July 13 (Reuters) - The European Union’s executive proposed higher capital charges on banks operating in the bloc in a bid to apply lessons from the credit crunch.
Separately, the Basel Committee on Banking Supervision, a global body, published the final version of its tougher trading book rules that the EU proposal will put into law in the 27-nation bloc.
The European Commission will require banks to hold more capital against risky assets on their trading books and gives supervisors powers to impose higher capital charges or fines on banks that have pay policies that encourage too much risk-taking. [ID:nLD650047]
The draft law is in line with pledges made by the G20 group of industrialised and emerging market countries in April and with work under way at the Basel Committee on Banking Supervision which is toughening up its globally-applied Basel II bank capital rules.
The following are the main elements of the draft law that will need approval from the European Parliament and EU governments to come into force and could be subject to changes.
The draft law is expected to take effect sometime from the end of 2010 but will be delayed if there is no sustained economic recovery:
Capital requirements on assets held on a trading book are currently calculated using a bank’s own model for potential future losses. This resulted in too little capital being held as the credit crunch unfolded.
Under the new rules, banks would have to estimate potential losses over much longer periods of possible stress and from events such as a credit rating downgrade.
There will also be a separate standard capital charge to cover risks on a trading book.
Disclosure requirements on assets held on a trading book will be beefed up to increase market confidence.
This applies to products such as collateralised debt obligations (CDOs) squared which have securitised products as their underlying assets, making them complex and less transparent.
The draft law proposes a capital charge roughly three times higher than on securitised products such as mortgage-backed securities, which have a simpler underlying asset.
Also proposes a case-by-case check by supervisors on the due diligence done by banks when they buy re-securitised products.
If supervisors are not satisfied with the due diligence, a higher, onerous capital charge can be imposed as a disincentive for banks to invest in them, or as an incentive to improve due diligence procedures.
The capital requirement on re-securitised assets can go as high as 1 euro per 1 euro invested if the bank is unable to show supervisors it fully understands the risks posed by the assets.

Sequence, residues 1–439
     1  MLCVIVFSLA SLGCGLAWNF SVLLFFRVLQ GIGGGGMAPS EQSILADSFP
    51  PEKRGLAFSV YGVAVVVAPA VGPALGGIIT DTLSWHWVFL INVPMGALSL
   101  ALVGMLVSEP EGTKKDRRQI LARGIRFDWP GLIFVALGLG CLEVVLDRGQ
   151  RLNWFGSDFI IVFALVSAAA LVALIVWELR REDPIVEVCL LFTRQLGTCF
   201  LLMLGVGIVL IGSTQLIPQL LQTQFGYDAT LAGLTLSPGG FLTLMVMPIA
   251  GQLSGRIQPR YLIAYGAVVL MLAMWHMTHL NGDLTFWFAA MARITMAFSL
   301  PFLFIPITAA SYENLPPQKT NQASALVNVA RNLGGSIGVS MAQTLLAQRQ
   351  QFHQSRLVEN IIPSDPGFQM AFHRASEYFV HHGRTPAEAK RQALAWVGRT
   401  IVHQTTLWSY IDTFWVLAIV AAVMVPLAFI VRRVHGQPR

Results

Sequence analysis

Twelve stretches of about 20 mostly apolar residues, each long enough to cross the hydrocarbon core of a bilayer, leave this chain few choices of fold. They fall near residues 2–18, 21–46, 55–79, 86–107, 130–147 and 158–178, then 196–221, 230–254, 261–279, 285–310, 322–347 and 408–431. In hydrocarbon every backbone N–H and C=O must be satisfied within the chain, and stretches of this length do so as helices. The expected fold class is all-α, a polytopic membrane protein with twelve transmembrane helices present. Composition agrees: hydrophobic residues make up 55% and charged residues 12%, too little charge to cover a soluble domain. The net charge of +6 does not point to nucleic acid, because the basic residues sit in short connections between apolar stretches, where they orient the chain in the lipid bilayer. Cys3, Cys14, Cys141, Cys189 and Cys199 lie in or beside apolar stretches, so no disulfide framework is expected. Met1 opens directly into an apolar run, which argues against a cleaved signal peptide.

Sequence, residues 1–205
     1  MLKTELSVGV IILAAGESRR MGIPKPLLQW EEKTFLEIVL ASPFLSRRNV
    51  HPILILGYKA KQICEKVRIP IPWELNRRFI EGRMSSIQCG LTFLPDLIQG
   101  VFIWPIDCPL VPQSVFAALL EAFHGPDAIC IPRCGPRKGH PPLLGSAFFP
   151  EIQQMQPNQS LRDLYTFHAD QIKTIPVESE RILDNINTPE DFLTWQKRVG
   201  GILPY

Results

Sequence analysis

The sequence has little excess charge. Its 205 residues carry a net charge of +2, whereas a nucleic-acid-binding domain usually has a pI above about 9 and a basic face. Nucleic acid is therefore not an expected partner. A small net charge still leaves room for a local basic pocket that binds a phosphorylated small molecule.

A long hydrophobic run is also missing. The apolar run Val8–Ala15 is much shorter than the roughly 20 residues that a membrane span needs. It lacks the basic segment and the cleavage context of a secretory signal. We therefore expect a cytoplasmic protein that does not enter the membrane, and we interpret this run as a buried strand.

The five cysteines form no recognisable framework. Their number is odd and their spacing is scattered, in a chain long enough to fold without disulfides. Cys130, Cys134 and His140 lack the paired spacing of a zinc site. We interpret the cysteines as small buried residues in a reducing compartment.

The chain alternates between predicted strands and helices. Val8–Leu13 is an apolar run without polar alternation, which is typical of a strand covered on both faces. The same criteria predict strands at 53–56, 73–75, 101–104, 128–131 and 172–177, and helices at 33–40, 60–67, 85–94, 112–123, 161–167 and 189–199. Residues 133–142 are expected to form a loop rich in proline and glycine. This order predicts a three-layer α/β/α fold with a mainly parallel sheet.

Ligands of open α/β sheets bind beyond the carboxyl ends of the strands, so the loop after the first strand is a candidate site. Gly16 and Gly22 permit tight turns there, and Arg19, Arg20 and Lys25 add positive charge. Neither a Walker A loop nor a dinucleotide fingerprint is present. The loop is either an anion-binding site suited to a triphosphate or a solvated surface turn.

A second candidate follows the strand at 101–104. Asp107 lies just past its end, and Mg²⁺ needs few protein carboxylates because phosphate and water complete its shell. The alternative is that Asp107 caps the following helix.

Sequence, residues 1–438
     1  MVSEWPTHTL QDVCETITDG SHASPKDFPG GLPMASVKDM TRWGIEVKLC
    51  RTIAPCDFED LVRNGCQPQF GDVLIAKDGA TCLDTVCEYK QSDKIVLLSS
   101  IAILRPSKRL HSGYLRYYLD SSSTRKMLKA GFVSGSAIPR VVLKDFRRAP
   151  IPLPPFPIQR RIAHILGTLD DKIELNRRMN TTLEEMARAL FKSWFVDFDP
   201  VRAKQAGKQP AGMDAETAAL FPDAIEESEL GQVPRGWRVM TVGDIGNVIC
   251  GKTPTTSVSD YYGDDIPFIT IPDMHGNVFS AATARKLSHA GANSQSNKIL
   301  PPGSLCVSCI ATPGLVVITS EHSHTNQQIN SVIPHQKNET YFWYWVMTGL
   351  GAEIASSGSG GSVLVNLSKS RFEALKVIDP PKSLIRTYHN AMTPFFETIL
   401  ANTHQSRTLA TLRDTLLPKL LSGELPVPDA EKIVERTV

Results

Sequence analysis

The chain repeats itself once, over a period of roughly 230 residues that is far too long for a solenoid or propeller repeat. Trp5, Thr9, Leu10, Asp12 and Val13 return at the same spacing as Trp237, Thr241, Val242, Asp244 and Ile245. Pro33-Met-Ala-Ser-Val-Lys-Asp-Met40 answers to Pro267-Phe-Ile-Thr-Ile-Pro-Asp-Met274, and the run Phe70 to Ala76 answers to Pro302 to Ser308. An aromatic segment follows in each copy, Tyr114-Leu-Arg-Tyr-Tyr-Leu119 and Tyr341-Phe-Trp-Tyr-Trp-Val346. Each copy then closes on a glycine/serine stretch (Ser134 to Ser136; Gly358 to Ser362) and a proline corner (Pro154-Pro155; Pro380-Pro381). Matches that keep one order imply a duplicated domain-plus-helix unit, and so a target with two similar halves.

The Basel Committee’s finalised reforms also introduce higher risk weightings -- and therefore higher capital charges -- for re-securitisation exposures.
The Committee requires banks to conduct more rigorous credit analyses of externally rated securitisation exposures.
The Commission and the European Committee of Banking Supervisors (CEBS) have already adopted best practice and guidelines so that pay policies don’t encourage overly risky short term behaviour that threatens companies in the long term.
The draft law gives supervisors the teeth to implement these principles and guidelines by giving them powers for first time over pay policies though not caps on actual amounts.
Supervisors will be able to punish breaches, ranging from fines to higher capital charges.
The management of a bank will have to establish sound remuneration policies and take responsibility for them.
Banks must review their remuneration policies each year to ensure they are consistent with standards in the draft law.
Remuneration must not be purely focused on an indivudual but must take into account the performance of the business unit and company overall.
There must be an appropriate balance between fixed and variable pay so that bonuses are not a disproportionately large part of overall pay, and an appropriate part of the bonus must also be deferred.
Supervisors will not be given powers to claw back bonuses which, with hindsight, should not have been paid.
The Basel Committee said it will make proposals in the first quarter of 2010 on provisioning or how banks will have to build up buffers in good times to run down when markets fall. (Reporting by Huw Jones; Editing by David Cowell)